True crime stories fill our TV screens and podcast feeds. But do we need to rethink evil and the other labels that we apply to people who do wrong if we want to reduce risk and harm? The science behind human behaviour paints a complex picture.
|When:||Monday, August 12 2019. 6:30 PM to 7:30 PM|
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UNSW Sydney, Kensington, NSW, 2052
There’s something about evil that we find deeply fascinating. True crime stories of sadists and serial killers fill our TV screens and podcast feeds. We are fascinated by monstrous acts and the people who commit them. But do we need to rethink evil and the other labels that we apply to people who do wrong if we want to reduce risk and harm? The science behind human behaviour paints a much more complex picture of why people commit inexcusable acts.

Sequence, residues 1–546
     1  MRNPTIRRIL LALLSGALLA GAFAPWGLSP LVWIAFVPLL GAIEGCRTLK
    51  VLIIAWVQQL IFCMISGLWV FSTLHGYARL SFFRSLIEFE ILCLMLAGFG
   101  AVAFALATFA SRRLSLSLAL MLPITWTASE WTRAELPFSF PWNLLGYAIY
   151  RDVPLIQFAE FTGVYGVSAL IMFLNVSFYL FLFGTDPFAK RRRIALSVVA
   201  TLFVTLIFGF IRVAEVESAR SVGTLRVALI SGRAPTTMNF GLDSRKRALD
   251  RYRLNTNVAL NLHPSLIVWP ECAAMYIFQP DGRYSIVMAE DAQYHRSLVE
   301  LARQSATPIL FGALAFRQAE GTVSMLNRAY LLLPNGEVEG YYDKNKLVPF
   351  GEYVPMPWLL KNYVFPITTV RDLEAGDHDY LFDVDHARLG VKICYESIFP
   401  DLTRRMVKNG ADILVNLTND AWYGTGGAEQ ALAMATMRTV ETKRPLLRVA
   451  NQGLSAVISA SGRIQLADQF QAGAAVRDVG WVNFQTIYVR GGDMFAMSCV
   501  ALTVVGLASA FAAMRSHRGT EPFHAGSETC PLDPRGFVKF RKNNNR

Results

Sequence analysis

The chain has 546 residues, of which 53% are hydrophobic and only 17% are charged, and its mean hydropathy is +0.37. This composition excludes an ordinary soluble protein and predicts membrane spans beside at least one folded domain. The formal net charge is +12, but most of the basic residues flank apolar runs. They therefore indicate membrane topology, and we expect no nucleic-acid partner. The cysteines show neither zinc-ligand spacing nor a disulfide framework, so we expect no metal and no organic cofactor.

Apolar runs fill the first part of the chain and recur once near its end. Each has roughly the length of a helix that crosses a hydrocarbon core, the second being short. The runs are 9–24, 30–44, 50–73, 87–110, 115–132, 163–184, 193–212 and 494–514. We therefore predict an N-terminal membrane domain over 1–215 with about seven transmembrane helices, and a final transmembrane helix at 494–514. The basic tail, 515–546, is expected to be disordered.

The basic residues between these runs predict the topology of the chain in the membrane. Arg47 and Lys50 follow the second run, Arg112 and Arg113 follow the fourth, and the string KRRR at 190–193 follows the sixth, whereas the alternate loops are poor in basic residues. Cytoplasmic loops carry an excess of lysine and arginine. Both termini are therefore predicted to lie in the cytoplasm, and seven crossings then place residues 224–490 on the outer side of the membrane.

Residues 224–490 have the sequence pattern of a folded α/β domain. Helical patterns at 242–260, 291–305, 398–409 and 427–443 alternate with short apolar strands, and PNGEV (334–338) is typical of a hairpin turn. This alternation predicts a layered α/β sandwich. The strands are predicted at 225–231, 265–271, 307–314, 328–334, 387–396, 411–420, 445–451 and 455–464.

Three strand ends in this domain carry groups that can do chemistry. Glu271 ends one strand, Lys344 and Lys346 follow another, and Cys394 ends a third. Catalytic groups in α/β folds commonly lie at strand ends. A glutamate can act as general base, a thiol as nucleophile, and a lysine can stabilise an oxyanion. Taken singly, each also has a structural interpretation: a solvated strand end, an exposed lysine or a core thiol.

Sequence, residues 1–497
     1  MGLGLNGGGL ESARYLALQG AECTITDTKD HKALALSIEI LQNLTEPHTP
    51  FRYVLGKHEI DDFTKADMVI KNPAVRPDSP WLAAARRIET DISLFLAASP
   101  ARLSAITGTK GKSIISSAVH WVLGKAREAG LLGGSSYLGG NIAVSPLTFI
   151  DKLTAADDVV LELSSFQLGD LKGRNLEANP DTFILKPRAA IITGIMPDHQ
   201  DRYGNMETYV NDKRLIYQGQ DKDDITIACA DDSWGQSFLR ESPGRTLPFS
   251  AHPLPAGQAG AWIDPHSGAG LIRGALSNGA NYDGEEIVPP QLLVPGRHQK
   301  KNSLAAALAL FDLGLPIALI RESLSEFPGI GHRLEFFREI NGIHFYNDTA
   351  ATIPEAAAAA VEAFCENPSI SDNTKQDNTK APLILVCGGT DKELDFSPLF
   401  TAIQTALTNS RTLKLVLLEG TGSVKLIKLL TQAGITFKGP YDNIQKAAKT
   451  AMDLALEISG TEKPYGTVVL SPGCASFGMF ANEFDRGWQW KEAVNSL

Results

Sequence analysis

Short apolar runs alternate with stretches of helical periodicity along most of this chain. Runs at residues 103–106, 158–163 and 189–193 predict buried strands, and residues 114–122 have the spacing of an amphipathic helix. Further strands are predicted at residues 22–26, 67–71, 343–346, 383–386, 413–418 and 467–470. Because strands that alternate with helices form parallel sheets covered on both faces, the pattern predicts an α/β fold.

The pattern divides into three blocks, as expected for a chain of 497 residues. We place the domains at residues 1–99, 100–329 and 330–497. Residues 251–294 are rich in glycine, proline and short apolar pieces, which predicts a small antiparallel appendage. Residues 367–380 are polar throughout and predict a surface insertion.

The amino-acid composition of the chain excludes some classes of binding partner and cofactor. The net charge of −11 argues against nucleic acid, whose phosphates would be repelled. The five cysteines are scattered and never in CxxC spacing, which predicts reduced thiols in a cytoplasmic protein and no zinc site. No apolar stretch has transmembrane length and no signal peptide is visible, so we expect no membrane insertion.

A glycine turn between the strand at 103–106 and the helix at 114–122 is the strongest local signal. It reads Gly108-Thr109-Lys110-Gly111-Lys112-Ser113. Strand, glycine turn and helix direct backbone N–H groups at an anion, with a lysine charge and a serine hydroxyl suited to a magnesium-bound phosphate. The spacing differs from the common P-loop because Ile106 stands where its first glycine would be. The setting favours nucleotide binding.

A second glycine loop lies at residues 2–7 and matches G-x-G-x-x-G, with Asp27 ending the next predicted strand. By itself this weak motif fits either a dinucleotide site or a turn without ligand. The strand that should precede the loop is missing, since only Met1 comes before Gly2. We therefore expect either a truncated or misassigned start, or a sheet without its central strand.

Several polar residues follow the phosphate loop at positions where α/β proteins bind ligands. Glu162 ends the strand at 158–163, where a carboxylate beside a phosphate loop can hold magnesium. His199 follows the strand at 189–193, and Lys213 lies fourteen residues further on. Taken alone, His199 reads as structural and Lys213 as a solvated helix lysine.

In Making Evil: The Science Behind Humanity’s Dark Side, Julia Shaw uses case studies from academia, examples from popular culture, and anecdotes from everyday life to break down concepts like the neuroscience of evil, the psychology of bloodlust and workplace misbehavior. With Natasha Mitchell as host, she will be is joined by philosopher and author of Evil: A Philosophical Investigation, Luke Russell, and psychopathy expert Georgie Fleming to explore everything from the philosophy of evil to evil actions and what we can do about them. Rather than looking at the world in black and white, science and philosophy can help inform a conversation on evil, and to understand that it is part of humanity whether we like it or not.
This event is presented by the UNSW Centre for Ideas and supported by Bendigo Writers Festival and Byron Writers Festival.
Centre for Ideas UNSW SydneyEmail: firstname.lastname@example.orgPhone: 02 9385 0000
See more at:events.unsw.edu.au/sydney-science-festival